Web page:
January is Cervical Health Awareness Month, a month that has brought more promising news about cervical cancer over the years. Studies have found the vaccine against the cancer-causing human papillomavirus to be highly effective in combating the virus, which could mean drastically reducing the numbers of cases of related cancers.
According to the World Health Organization, of the 100 or so types of HPV, 13 put women at higher risk of cervical cancer; in fact, just two strains of the virus cause 70% of such cancers.
More than 13,000 women will be diagnosed with invasive cervical cancer in 2018, the American Cancer Society estimates, and more than 4,000 will die of the disease.
We have a way to drastically reduce those numbers, through the HPV vaccine, which is best taken in two doses by preteens and teenagers, both male and female. Unfortunately, in most states, the rates of HPV vaccination are much lower than others in the childhood vaccination schedule, and in Texas it’s sadly lower. Nationwide, only 60 percent of teenagers have gotten at least one shot, the U.S. Centers for Disease Control and Prevention reported last August, but in Texas, the number is only 49.3 percent.
Why so low? People believe many things about HPV and the vaccine against it that simply aren’t true. So this seems like the right time to list five important facts about HPV, and how different they are from the myths that keep so many parents from protecting their children from cancer.
The HPV vaccine is for boys as well as girls. Because of its connection with cervical cancer, people seem to think that only girls should be immunized, and in fact, during its earlier years, public health officials weren’t talking about its importance for boys. But HPV causes more than cervical cancer; it also can cause cancers of the mouth, throat, rectum and penis. In addition, when both men and women are free from HPV, they won’t pass it to one another.
The HPV vaccine has been found very safe. Stories find their way around quickly around social media, claiming that one teen or another has suffered terrible consequences from the vaccine. Of course, we cannot know what happened in these cases, but they generally are spread without medical documentation showing that they’re true. The vaccine is continually monitored for safety, and the records don’t back up the notion of a dangerous vaccine, though of course in extremely rare cases, there can be a serious reaction to any vaccine. There have been mild reactions such as fever, headache and fatigue. One thing is certain: cancers caused by HPV are far more dangerous than the vaccine.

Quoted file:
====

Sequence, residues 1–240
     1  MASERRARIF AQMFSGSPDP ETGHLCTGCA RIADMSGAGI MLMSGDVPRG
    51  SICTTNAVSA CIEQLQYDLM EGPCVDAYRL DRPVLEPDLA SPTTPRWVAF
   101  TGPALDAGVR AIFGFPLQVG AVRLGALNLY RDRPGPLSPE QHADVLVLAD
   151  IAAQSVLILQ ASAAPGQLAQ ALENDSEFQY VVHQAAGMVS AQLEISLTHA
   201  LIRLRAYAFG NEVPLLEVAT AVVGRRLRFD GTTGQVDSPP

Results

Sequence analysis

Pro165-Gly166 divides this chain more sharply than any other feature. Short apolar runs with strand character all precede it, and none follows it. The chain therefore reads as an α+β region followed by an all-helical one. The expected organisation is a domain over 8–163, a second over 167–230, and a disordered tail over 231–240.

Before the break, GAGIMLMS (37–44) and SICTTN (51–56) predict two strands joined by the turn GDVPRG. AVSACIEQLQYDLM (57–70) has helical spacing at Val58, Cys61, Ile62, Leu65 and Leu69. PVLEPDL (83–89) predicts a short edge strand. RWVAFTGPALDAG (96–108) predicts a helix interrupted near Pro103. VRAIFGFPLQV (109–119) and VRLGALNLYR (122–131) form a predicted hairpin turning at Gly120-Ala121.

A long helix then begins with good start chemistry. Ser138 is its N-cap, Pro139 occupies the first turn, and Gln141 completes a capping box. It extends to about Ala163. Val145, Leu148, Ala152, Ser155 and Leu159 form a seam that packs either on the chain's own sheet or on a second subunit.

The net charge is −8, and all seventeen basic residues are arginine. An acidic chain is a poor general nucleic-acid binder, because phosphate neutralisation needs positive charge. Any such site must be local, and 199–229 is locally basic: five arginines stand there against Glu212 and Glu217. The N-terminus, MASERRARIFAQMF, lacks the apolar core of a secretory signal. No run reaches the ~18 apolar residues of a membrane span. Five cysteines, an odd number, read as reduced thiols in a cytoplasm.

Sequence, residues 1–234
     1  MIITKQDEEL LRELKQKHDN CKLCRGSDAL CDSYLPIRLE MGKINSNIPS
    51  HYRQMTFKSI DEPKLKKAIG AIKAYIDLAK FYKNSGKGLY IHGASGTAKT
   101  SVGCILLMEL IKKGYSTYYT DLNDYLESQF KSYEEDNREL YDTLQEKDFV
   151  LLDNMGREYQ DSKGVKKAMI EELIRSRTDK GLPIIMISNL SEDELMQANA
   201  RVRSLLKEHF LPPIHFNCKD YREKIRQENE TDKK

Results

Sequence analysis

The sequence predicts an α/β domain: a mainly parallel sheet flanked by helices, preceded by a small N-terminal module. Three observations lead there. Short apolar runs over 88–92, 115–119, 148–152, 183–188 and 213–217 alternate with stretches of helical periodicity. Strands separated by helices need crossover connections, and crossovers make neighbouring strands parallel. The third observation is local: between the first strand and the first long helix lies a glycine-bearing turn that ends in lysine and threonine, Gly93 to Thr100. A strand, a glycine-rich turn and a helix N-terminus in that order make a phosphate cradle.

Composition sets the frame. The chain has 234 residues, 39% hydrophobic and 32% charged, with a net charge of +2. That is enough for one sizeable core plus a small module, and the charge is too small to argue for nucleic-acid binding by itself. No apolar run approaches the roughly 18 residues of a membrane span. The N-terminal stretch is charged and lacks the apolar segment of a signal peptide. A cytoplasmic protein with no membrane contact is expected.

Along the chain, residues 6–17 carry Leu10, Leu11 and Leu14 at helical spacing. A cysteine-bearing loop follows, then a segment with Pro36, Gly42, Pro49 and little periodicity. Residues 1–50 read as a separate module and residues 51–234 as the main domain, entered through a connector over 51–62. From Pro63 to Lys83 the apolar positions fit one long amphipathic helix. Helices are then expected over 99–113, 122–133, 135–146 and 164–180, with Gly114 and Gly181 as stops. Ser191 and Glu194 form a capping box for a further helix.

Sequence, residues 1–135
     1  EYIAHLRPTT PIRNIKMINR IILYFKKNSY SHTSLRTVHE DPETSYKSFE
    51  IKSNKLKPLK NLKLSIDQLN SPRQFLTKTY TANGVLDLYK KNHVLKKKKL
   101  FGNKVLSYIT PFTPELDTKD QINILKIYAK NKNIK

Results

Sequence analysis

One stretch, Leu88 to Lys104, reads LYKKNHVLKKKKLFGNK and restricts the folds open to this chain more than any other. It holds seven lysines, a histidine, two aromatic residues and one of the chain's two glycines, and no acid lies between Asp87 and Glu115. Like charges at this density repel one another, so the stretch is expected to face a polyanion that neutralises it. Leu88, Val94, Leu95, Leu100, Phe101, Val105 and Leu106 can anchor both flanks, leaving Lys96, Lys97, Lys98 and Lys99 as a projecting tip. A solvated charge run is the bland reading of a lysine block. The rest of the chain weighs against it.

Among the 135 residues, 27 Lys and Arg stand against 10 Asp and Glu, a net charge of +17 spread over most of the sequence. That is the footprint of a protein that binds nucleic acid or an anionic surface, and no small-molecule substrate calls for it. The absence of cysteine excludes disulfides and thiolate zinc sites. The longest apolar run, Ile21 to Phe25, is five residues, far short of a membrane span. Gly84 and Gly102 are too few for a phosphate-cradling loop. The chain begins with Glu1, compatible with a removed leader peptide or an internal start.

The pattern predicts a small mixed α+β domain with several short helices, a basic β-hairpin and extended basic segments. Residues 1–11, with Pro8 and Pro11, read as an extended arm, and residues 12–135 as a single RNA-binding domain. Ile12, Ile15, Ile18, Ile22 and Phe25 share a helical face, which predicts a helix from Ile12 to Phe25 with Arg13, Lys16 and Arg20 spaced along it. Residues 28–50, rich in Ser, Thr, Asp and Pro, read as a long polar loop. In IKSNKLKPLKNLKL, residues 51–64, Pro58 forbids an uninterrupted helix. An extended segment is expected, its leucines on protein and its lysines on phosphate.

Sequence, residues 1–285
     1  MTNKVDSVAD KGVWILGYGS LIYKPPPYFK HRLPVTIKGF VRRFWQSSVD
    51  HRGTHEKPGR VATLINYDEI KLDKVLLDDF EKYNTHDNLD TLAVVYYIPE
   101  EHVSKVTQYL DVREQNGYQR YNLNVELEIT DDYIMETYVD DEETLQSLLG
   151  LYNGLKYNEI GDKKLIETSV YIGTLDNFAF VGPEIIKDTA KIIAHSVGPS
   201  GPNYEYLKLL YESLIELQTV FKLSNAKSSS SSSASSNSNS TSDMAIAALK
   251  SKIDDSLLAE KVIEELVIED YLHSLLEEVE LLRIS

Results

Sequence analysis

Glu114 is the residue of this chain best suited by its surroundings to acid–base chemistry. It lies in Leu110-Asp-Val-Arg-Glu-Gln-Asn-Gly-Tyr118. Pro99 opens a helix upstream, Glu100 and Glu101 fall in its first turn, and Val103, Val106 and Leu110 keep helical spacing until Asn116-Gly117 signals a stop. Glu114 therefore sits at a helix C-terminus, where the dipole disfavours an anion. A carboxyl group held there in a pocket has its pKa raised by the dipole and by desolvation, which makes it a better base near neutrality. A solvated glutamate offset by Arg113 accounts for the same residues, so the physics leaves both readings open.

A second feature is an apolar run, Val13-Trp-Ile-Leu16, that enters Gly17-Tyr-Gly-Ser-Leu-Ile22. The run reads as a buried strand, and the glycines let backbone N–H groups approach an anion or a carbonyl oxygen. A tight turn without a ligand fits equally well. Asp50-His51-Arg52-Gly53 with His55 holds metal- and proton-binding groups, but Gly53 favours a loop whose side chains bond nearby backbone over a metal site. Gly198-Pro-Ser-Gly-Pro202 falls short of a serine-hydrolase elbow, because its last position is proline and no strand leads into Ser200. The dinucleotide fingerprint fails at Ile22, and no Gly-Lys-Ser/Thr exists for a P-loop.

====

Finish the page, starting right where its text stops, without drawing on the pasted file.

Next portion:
Being vaccinated doesn’t change teens’ sexual behavior. Some parents are concerned that if they have their children vaccinated, they’re encouraging teenagers to have sex. But a 2012 study in the journal Pediatrics found that vaccinated teens were no more likely to engage in sexual activity. They found this by examining medical records for evidence of sexual activity, such as teens seeking contraceptive counseling, being treated for sexually transmitted diseases and teen pregnancy. Vaccinated teens were no more likely than unvaccinated teens to have any of that in their medical records.
The vaccine cannot cause people to get HPV. It’s not made from live virus, or even dead virus. Rather, it’s made from proteins that resemble the virus, so that our immune system makes antibodies against the virus.
It’s dangerous for people to wait to get the vaccine until after they’re sexually active. It’s important to get the vaccine before being exposed to HPV. Because even a first sexual encounter can be with an infected partner, waiting is risky.
Going forward with facts instead of myths, we have a chance to give the next generations of men and women healthier lives. But we need to get started now.
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